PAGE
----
News
ebookA unique anthology of reporting and analysis of a crucial period of history
Arts and Entertainment
The Tour de France peloton rides over a bridge on the Grinton Moor, Yorkshire, earlier this month
film
News
Snoop Dogg pictured at The Hollywood Reporter Nominees' Night in February, 2013
people... says Snoop Dogg
News
i100
Life and Style
food + drinkZebra meat is exotic and lean - but does it taste good?
Arts and Entertainment
Residents of Derby Road in Southampton oppose filming of Channel 4 documentary Immigration Street in their community
tv
Voices
voicesSiobhan Norton on why she eventually changed her mind
News
i100
Extras
indybest
Sport
Scottish singer Susan Boyle will perform at the Commonwealth Games opening ceremony in Glasgow
commonwealth games
Arts and Entertainment
Dwayne 'The Rock' Johnson stars in Hercules
filmReview: The Rock is a muscular Davy Crockett in this preposterous film, says Geoffrey Macnab
Life and Style
tech
Latest stories from i100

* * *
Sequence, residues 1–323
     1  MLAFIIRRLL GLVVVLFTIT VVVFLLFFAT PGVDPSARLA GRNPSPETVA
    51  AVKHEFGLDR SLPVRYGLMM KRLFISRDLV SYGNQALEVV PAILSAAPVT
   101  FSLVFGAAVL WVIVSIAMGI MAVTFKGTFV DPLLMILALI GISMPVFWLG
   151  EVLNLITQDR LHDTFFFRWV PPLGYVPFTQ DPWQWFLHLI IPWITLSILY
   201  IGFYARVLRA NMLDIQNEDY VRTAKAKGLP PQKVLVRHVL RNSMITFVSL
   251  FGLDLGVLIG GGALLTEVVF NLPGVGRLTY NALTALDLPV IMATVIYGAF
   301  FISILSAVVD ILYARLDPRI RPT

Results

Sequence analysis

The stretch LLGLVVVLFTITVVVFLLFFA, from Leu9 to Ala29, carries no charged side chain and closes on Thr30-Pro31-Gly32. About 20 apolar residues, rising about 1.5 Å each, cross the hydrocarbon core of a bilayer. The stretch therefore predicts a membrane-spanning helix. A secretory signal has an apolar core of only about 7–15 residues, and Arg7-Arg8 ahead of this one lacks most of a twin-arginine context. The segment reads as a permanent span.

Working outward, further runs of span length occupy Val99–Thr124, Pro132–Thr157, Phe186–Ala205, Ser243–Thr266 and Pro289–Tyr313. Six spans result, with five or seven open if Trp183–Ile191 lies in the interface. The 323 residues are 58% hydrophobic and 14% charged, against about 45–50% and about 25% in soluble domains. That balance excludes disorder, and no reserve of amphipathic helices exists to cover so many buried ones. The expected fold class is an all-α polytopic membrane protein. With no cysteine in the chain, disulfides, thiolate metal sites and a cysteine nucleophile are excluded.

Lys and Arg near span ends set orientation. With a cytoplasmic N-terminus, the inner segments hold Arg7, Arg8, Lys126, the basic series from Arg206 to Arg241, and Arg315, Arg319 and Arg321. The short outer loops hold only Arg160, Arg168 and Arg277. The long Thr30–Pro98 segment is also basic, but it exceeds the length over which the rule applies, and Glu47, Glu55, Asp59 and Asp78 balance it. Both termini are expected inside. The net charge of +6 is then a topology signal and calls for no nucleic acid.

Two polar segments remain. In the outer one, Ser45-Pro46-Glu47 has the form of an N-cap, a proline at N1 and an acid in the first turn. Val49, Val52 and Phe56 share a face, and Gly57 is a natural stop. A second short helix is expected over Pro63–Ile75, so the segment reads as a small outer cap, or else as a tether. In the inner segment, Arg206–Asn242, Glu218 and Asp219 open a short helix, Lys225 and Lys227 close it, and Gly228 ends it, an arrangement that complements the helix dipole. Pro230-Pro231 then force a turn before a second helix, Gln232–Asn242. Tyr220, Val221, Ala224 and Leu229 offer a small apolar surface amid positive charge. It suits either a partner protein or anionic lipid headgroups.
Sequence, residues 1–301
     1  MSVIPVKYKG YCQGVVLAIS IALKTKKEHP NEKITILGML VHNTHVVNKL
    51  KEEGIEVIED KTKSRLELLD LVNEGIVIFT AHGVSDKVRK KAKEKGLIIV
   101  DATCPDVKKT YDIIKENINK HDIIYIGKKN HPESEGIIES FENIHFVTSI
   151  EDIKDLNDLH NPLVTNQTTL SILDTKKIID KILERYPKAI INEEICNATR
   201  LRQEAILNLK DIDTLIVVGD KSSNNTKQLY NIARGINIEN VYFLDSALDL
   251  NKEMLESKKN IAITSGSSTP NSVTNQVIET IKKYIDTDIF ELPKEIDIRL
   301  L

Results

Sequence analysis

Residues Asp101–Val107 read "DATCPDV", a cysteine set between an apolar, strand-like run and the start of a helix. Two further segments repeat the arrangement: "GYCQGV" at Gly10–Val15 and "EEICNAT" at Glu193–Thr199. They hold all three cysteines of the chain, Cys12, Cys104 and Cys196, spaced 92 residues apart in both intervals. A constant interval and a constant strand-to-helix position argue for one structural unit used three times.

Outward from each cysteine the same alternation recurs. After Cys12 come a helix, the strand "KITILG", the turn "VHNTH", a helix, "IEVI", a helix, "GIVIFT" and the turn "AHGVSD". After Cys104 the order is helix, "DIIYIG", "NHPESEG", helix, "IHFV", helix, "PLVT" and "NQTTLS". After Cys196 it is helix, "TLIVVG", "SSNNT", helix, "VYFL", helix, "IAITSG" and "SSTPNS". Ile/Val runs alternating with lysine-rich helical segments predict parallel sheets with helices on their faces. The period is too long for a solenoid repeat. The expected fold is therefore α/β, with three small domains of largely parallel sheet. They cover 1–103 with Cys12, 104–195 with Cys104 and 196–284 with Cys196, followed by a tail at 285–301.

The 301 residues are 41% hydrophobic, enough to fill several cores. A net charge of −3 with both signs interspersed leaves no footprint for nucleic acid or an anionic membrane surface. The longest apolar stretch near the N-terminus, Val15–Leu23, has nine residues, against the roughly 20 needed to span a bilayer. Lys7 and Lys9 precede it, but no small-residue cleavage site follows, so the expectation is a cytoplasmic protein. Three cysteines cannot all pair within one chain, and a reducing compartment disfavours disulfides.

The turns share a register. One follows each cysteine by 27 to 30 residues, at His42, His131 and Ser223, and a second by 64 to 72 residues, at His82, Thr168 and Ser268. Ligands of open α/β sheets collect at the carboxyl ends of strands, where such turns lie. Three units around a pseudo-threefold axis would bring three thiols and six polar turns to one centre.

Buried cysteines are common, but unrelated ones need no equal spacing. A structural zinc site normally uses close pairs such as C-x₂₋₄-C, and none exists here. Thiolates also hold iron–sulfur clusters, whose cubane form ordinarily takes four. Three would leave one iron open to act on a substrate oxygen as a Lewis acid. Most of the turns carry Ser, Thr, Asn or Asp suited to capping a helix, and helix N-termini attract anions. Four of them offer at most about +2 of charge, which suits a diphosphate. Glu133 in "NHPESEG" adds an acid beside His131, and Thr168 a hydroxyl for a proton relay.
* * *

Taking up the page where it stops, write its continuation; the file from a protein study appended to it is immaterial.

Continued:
Have you tried new the Independent Digital Edition apps?

Day In a Page

Noel Fielding's 'Luxury Comedy': A land of the outright bizarre

Noel Fielding's 'Luxury Comedy'

A land of the outright bizarre
What are the worst 'Word Crimes'?

What are the worst 'Word Crimes'?

‘Weird Al’ Yankovic's latest video is an ode to good grammar. But what do The Independent’s experts think he’s missed out?
Can Secret Cinema sell 80,000 'Back to the Future' tickets?

The worst kept secret in cinema

A cult movie event aims to immerse audiences of 80,000 in ‘Back to the Future’. But has it lost its magic?
Facebook: The new hatched, matched and dispatched

The new hatched, matched and dispatched

Family events used to be marked in the personal columns. But now Facebook has usurped the ‘Births, Deaths and Marriages’ announcements
Why do we have blood types?

Are you my type?

All of us have one but probably never wondered why. Yet even now, a century after blood types were discovered, it’s a matter of debate what they’re for